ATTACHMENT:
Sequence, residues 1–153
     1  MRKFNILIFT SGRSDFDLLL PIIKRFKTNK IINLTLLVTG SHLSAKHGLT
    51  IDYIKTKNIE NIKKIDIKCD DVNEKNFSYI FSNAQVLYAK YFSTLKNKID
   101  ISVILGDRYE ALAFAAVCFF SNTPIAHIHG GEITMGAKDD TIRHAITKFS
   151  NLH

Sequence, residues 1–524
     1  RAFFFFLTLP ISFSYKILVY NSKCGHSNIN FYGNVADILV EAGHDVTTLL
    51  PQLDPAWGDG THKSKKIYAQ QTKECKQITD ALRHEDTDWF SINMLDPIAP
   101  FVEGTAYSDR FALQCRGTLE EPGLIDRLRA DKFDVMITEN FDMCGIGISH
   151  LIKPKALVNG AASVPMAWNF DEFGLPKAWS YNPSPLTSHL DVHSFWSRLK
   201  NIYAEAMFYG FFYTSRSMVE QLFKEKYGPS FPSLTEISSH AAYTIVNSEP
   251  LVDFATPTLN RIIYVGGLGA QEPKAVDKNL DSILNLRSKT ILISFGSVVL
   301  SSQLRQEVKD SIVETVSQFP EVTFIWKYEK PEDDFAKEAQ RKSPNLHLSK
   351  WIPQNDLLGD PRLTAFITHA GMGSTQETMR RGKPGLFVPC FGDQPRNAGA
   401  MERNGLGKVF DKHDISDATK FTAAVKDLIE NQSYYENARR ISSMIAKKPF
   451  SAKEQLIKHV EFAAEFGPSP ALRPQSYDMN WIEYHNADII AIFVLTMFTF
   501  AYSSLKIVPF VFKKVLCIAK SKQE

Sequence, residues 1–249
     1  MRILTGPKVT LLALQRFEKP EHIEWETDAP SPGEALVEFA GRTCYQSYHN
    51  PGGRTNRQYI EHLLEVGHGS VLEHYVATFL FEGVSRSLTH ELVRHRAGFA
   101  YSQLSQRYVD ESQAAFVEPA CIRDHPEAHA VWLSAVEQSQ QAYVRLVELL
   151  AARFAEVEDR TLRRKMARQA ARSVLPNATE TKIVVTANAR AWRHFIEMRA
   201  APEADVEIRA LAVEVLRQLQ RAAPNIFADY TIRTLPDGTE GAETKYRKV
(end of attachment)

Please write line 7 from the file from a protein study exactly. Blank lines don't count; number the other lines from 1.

     1  RAFFFFLTLP ISFSYKILVY NSKCGHSNIN FYGNVADILV EAGHDVTTLL